Silence As A Weapon

“Be still and know that I am God.”

Silence before God is admirable. Spiritual masters and mystics have turned it into an art form. Books that encourage silence such as Practicing the Presence of God have inspired millions of lives.

But silence is also a weapon spiritual leaders use to control people.

Their saying would go more like “Shut up and don’t ask any questions.”

Everyone knew Mark Driscoll was a bully- everyone that is except the people in his church who were afraid to call him out. Why? Have you ever bought a car, a house or entered into a relationship only to find out that what you’d actually bought was a lemon? How anxious were you to own your stupidity, to admit it to others let alone to yourself?

When it dawns on us that we’ve been spiritually manipulated, we’re humiliated, angry and confused. But wait there’s more! As a follower of Jesus it’s like double jeopardy – not only have I been played but now I’m also supposed to take the high ground and forgive the person who violated me.

The bully of course knows this angle and uses it to his/her advantage quite astutely. In fact they depend on you taking the high ground. They bet on it! Their unique case of emotional sickness includes the thrill of seeing how long they can avoid detection. It’s a game and they enjoy watching you spend enormous amounts of time working hard to forgive them.

Speaking of which, forgive my cynicism, I’ve earned it the hard way.

The bully knows full well that the issue isn’t about forgiveness but they aren’t going to tell you that. They’re going to let you waste as much time as possible chasing false leads. If you happen to get too close to exposing the truth they will do everything they can to discredit you or catch you on a “technicality” such as not expressing your criticism with kindness or sharing your frustration with a third party (just like they have done)

Jesus never “worked things out” with his religious opponents, he called them out, pointed them out and warned his followers to watch out for them. There’s an idealized notion of reconciliation that is leveraged by the violators. Victims are made to grovel and beg for an audience while the violators sits in a position of power and for the most part is afforded the benefit of the doubt. Why? Have you ever been a pastor? Have you ever spent years, decades with people trying to help them only to have people flip on you? I have and it sucks. No wonder we afford pastors special grace when there are misunderstandings – we ought to. They have a very difficult job. But when the person in power, pastor or not, uses silence as a weapon then they deserve to be called out in the same way Jesus called out the Pharisees.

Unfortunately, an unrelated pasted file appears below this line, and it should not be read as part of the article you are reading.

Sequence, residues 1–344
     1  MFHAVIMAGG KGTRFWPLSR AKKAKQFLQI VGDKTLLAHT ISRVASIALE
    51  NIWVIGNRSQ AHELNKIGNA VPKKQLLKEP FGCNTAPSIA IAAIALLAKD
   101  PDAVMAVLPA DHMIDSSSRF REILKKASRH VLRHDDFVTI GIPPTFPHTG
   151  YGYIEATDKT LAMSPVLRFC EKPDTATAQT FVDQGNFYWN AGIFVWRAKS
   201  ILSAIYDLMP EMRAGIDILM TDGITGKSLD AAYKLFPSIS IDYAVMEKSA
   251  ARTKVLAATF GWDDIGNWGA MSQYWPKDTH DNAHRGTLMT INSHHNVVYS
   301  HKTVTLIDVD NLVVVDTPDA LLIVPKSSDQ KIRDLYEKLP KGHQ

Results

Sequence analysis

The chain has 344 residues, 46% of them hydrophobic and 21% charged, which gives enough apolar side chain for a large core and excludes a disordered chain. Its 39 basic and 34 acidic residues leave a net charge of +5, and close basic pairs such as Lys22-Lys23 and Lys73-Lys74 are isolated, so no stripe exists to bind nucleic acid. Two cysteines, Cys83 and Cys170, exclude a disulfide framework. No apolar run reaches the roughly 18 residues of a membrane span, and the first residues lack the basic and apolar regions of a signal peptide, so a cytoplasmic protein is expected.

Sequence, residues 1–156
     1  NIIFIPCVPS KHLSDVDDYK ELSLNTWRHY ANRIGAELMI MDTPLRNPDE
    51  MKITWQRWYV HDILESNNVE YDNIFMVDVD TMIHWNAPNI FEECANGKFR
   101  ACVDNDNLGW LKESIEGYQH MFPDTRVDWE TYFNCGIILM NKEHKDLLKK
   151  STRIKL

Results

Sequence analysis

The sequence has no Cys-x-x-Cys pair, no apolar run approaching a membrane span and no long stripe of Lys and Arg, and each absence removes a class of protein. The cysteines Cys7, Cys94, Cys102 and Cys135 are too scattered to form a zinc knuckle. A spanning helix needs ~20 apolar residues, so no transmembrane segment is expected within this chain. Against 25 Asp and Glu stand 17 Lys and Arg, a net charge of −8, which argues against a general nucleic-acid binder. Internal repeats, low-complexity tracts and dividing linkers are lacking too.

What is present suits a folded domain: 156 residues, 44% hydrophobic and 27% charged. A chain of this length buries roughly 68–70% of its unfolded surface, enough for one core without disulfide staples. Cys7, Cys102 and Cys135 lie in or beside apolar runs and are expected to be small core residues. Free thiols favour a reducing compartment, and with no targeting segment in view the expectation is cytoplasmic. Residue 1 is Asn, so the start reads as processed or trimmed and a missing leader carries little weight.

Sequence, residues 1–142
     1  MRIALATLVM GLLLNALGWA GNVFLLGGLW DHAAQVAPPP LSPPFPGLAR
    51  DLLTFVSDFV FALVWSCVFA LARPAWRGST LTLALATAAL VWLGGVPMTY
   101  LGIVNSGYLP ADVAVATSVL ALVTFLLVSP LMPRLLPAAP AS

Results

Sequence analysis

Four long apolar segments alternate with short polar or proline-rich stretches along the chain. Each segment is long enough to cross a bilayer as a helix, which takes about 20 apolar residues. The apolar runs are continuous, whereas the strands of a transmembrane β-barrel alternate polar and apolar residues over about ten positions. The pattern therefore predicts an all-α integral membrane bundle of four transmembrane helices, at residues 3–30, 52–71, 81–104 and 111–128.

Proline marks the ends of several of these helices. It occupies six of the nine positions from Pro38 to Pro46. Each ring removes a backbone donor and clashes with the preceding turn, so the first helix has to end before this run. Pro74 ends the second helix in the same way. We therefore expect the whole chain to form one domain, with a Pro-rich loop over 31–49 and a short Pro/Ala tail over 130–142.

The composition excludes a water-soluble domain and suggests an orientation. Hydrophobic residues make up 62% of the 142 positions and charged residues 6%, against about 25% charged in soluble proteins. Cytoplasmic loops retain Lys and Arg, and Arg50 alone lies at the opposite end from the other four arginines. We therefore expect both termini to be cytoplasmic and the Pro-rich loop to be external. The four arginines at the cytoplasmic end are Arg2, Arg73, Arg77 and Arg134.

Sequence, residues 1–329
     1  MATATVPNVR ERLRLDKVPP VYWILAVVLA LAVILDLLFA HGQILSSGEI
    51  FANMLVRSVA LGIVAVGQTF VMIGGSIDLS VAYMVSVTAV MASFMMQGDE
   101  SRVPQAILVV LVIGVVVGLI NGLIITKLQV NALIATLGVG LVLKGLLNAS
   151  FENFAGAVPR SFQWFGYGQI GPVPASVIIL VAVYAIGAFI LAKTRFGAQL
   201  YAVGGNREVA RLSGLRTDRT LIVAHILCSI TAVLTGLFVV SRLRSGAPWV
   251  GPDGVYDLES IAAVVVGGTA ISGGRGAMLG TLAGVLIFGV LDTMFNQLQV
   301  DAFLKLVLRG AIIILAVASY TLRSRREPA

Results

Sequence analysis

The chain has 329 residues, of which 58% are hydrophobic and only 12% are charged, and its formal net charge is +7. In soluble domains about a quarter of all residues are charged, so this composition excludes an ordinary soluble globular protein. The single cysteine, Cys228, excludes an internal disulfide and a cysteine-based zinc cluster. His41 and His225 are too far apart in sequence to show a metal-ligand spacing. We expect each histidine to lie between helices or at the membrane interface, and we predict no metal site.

I spent 10 years trying to get Driscoll removed from his position of influence in Seattle. I interviewed a number of former Mars Hill insiders for my book Question Mark which details our success and to a person they reported Driscolls’ unwillingness to meet with them face to face. He hid behind his position and used silence as a sacred weapon to punish people who dared to notice that the emperor had no clothes. He used silence to stall hoping people would give up and stop asking the obvious. He used silence to create an environment of fear and intimidation. He was the violator and they were the victims and he has never repented, apologized or owned his abuse with the people he actually harmed. Happily we got rid of him in Seattle but sadly Christian leaders in Phoenix have welcomed him as something of a wounded warrior who was misunderstood. Apparently Driscoll is the victim. Who knew?

The people in power are typically given the benefit of the doubt while the victims are interrogated as to their “real” motives. Why? Well it is quite the inconvenience to discover that you’ve been duped. We have all invested in communities so when the power brokers in the community begin burning our trust we don’t believe it. We don’t want to know. We blame the victim for trying to disrupt the community. We tell the victim that they are as much to blame as the violator as if there was no real power differential. We shun them using silence as a sacred weapon.

Recently I’ve been on the receiving end of silence as a weapon. I’ve experienced shunning for the first time in my life as a follower of Jesus. I have heard about it but never personally experienced it. It is disgusting to watch leaders who claim Jesus as their inspiration use silence to manipulate and control other followers.

I’ve decided that Jesus was right. The only thing you can do is point them out, call them out, and warn others to watch out.

Based on his behavior, whatever Jesus meant by “loving your enemies” did not include what they refer to in AA as “cosigning on their bullshit”. Apparently you can love your “enemy” while simultaneously working to remove your enemy.

If Mark Driscoll or my current ideological opponent ever decides to to actually repent (something violators rarely do), I’ll be the first to welcome them to the party.

Jim Hancock